|Checkback by Opener|
You open the bidding with 1♠, and partner responds
1NT. What do you rebid with the following hands?
Didn't like your choices? Standard methods let you down? It might
have made no difference whether partner's
1NT was forcing.
- too good for 2♥, not good enough for a game-forcing
3♥,and 3♠is doubly flawed.
- looks like a 2NT rebid, but is partner supposed to bid hearts now with a mediocre
5-cardsuit? He might even pass 2NTwhen 4♥is on.
- plenty good enough for a game invitation, but a jump to
3♦would be game-forcing.
The answer is to use Ted's Checkback by Opener.*
Just as some responders use a
2♣ rebid as an artificial force,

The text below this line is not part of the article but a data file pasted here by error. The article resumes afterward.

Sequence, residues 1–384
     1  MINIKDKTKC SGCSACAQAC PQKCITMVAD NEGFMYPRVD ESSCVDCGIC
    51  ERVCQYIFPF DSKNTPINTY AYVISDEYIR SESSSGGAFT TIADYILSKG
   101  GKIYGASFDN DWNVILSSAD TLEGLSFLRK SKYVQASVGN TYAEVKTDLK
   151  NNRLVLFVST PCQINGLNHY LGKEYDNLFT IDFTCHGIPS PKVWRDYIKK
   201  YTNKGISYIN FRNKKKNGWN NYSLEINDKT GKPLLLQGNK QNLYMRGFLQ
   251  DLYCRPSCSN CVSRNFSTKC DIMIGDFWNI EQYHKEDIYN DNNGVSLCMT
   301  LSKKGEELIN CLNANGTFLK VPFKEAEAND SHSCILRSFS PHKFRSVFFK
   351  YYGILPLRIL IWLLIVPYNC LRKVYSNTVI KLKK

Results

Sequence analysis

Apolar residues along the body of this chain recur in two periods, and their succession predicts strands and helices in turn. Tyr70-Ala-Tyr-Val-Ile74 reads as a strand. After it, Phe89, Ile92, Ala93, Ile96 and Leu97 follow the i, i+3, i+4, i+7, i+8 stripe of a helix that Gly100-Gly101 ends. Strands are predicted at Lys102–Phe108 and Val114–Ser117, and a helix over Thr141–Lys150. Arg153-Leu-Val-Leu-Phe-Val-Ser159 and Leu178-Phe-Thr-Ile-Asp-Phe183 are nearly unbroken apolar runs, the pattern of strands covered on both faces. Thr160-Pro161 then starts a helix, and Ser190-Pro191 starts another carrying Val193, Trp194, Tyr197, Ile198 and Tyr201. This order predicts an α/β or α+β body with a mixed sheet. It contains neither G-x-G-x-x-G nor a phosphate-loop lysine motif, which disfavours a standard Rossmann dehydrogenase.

there is no reason why opener cannot do the same thing. Of course, as is the case
with all conventions invoking a phony 2♣ bid, one does give up
the option of playing in two clubs.
The structure is fairly simple: After 1♥/1♠
2♣ is an artificial game-try or better. A new suit by opener thereafter is a
Responder's rebids (in order or priority):
- 2♥ (after 1♠) = 5-card suit (or longer).
- 2 of opener's major = doubleton support, weak hand, no
4-cardheart suit after 1♠.
- 3♣/3♦ shows a good suit and is
- Other hands bid 2♦ (forcing), allowing opener to complete a description. Opener's rebid of his suit or
2NTmay be passed.
2♦, and 2♥ after 1♠, are natural and
2NT (after 1♠) = precisely 5-2-3-3; otherwise, opener checks for a
2♠ (after 1♥) is 5-6, 1-round force.
3-level jump-shifts are 5-5, invitational.
Some of these sequences can be further developed to suit your taste. Most players are averse to giving up a Forcing Notrump by an unpassed hand; but this method could be employed when responder is a passed hand.
* The concept of a forcing 2♣ reopening bid hardly is new; but I believe this suggested structure to be original.